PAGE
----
26 May 2020

Use of exogenous enzymes in the feeding of dairy cows

Exogenous enzymes are widely used with the basic objectives of:

  • increase the capacity to utilize the nutrients available in raw materials

  • eliminate the antinutritional factors

Currently, phytases and carbohydrases are being used in virtually all monogastric diets under intensive farming conditions.

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The investigation of the enzymes

1876. The history of enzyme investigation is closely linked with the history of biochemistry. The term “enzyme” (in Greek levadura ) was used for the first time in 1876 and it is attributed to the German physiologist Wilhelm Fiedrich Kühne.

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1860. Louis Pasteur concluded from his experiments that the fermentation is catalyzed by enzymes.

1926. The first enzyme ( Urease ) is crystallized from the jack bean Canavalia ensiformis.

1930. The prolific author who published a theory on the origin of life together with Oparin, John Burdon Sanderson Haldane, wrote in his treatise “Enzymes”: “The weak-bonding interactions between an enzyme and its substrate might be used to catalyze a reaction”.

This idea is the center of our current knowledge on enzymes mode of action.

Use of enzymes in ruminant diets

In the case of using enzymes in ruminant diets , in 1960 Wise Burroughs’ team, from Iowa State University, published a paper on the use of combined enzymes (Agro-Zyme from MSD – Merck, Sharp & Dohme) in fattening cattle diets.

Since this first publication on the use of enzymes in ruminant diets, some results have attracted attention:

  • Subsequent studies have demonstrated that the supplementation with cellulases or xylanases (fibrolytic enzymes) can improve ruminal digestibility, that is, change the nutrient digestion sites and, consequently, improve energy efficiency.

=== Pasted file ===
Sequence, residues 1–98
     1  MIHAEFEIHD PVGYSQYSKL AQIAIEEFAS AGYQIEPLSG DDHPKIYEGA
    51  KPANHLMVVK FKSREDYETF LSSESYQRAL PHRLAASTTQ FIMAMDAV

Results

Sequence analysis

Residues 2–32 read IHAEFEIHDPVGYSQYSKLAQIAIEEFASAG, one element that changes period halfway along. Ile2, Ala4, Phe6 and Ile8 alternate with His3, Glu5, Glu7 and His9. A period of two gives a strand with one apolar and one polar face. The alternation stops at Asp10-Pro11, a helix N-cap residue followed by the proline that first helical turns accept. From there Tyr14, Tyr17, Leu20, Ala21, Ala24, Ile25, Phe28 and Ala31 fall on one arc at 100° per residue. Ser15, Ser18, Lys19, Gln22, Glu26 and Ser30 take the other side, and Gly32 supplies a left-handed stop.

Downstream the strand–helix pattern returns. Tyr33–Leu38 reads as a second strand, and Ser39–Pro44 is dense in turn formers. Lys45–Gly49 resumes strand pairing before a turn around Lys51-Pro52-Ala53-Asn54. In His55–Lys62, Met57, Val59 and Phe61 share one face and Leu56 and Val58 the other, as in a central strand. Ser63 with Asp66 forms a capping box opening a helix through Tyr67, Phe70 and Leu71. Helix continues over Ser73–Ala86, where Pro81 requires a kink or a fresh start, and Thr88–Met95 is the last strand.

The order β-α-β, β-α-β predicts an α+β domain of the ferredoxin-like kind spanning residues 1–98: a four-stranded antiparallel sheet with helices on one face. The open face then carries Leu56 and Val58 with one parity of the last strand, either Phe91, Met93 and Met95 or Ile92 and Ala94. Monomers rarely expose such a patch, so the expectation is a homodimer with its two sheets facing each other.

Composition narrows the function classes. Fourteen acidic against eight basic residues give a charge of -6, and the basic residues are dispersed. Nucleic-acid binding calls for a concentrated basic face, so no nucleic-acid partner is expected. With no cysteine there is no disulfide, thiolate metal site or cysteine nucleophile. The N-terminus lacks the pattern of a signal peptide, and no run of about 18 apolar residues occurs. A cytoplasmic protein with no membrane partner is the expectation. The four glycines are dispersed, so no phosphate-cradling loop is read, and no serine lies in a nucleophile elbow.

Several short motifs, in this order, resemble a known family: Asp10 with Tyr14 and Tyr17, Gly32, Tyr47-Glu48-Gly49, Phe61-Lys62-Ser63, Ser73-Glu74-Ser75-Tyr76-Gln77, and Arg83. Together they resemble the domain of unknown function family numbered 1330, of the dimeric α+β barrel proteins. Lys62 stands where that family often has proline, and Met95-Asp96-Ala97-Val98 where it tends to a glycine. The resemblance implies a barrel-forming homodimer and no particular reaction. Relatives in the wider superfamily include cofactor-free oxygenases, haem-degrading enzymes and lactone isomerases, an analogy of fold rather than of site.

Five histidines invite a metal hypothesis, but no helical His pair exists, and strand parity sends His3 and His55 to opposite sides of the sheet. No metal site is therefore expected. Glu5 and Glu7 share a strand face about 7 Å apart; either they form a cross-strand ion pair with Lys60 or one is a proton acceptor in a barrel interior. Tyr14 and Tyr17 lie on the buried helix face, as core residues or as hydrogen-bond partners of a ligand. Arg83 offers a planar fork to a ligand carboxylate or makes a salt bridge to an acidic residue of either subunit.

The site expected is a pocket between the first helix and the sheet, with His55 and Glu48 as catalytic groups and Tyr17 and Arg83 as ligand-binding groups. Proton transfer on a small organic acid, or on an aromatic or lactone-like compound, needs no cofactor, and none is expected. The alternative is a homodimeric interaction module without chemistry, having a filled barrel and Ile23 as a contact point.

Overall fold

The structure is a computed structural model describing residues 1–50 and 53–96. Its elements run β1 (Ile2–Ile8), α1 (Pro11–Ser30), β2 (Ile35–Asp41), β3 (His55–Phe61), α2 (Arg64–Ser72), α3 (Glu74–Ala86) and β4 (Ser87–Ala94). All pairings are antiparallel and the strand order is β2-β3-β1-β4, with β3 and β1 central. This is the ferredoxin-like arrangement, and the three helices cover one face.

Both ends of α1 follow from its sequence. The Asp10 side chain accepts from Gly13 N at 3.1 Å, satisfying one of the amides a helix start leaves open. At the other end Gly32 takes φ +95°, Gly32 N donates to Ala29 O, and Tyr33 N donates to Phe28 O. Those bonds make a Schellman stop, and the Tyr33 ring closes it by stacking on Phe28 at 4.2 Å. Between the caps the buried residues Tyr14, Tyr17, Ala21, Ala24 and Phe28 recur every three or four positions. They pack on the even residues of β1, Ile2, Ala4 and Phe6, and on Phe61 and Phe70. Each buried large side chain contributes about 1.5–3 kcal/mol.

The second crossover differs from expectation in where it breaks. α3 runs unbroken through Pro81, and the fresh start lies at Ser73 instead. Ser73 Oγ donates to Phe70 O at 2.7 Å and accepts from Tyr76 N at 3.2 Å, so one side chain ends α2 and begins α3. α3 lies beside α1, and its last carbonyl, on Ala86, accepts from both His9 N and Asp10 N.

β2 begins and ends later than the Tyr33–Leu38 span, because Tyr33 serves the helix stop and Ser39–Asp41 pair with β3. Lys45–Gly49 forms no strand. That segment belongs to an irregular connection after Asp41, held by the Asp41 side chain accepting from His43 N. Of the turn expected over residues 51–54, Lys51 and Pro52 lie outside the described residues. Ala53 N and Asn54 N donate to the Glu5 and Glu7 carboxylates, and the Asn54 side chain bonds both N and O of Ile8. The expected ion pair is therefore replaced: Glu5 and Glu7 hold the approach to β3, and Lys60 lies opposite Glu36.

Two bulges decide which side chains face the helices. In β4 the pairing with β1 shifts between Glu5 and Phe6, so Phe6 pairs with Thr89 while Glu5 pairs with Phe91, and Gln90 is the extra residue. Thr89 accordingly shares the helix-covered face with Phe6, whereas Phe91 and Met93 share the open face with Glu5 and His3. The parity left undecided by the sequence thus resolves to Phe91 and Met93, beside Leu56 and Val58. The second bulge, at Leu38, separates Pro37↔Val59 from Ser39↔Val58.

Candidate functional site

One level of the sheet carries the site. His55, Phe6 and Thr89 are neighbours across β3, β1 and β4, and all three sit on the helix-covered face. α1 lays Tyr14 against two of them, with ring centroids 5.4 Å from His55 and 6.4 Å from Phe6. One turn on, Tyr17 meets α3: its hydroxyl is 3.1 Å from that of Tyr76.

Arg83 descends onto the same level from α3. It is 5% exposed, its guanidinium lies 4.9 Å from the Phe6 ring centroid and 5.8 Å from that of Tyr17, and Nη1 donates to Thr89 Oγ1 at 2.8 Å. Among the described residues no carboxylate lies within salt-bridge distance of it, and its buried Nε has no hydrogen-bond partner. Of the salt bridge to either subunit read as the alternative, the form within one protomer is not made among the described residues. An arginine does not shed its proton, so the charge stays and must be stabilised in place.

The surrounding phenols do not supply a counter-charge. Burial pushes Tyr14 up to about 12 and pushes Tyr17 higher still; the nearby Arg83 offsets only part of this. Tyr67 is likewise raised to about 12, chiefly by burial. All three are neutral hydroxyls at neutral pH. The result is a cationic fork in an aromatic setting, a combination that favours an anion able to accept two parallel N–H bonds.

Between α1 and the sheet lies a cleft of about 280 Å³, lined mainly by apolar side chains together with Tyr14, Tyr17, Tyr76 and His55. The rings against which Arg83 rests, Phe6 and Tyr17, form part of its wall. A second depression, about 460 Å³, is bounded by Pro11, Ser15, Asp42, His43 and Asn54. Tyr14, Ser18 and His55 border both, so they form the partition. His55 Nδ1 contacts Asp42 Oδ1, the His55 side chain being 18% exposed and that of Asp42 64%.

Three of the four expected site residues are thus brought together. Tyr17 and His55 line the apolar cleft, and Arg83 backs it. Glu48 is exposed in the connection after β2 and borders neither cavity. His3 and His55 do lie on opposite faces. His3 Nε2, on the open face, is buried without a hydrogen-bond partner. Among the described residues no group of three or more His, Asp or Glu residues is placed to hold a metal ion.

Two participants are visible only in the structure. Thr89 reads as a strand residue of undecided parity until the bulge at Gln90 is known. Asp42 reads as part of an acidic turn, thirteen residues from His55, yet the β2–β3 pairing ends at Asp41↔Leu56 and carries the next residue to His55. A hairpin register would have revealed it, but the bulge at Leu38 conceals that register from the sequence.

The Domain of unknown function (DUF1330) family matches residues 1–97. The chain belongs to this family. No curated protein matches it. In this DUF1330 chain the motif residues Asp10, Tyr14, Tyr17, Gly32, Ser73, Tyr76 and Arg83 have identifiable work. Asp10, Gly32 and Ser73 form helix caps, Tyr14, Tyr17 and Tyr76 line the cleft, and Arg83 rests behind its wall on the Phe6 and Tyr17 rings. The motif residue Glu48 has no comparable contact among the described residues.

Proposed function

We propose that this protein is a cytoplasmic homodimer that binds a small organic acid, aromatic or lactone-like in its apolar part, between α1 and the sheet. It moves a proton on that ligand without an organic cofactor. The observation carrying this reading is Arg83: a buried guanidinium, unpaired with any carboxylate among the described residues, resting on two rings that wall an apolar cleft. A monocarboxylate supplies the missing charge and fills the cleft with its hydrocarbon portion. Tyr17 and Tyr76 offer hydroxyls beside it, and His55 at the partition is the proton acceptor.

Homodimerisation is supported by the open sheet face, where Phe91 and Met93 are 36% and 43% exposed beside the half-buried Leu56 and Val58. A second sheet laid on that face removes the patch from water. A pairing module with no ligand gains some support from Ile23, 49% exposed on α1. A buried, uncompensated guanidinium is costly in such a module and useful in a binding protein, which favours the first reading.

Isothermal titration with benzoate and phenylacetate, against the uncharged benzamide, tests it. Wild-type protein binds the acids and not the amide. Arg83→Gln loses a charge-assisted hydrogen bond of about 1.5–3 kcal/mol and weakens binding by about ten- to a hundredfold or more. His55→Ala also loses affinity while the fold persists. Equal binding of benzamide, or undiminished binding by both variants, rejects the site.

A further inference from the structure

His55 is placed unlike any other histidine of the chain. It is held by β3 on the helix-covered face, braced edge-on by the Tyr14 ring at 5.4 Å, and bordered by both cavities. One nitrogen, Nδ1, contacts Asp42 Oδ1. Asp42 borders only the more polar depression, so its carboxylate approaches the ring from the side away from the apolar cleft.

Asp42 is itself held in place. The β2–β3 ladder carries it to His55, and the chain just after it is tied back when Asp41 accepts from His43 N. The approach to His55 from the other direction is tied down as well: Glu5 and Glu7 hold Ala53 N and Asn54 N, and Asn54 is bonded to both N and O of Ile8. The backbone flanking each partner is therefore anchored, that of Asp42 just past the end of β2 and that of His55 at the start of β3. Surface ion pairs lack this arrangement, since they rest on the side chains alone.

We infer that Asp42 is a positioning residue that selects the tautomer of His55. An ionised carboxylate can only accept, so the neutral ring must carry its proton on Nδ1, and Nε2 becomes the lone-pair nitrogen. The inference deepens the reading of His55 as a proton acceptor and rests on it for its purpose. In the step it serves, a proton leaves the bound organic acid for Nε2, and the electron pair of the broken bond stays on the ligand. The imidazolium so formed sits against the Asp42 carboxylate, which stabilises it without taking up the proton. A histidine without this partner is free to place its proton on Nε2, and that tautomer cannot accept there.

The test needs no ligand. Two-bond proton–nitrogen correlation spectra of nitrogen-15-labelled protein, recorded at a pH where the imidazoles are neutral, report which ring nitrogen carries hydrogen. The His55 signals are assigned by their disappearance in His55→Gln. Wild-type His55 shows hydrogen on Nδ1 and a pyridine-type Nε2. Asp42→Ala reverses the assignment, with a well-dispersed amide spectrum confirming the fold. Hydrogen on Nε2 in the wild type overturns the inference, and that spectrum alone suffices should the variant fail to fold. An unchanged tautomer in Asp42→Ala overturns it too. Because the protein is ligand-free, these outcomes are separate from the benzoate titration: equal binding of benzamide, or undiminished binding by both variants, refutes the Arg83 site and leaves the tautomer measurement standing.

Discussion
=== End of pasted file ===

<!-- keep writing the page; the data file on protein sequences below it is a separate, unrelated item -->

• Some of the reasons that justify the use of enzymes in ruminant diets are:

    1) The organic matter digestibility  in ruminants rarely exceeds 90%;

    2) There is a growing utilization of agro industrial by-products , typically of low quality;

    3) The faster carbohydrate availability , which normally stimulates the growth of microbial populations;

    4) the presence of polysaccharides of different sizes that can have a prebiotic effect;

    5) the use of exogenous enzymes can cause effects which are multifactorial in origin – in summary, the assumption is that the enzyme improves nutrient utilization , or changes the site where bonds are broken, and nutrients are released to the animal.

    At the first glance and in a simplistic way, it seems clear that enzymes should be used in ruminant diets to increase the utilization of fibrous parts and also rumen utilization (Figure 1).

    In an interview given to a Galician media, the Director of Agriculture and Natural Resources of the University of South Dakota (USA) Alvaro García stated:

    The digestibility of forage fiber determines the profitability of livestock production”.

    To do this, there are several alternatives:

    1) selection of grains and forages with higher nutritional value

    2) improve the degradation capacity of rumen microbiota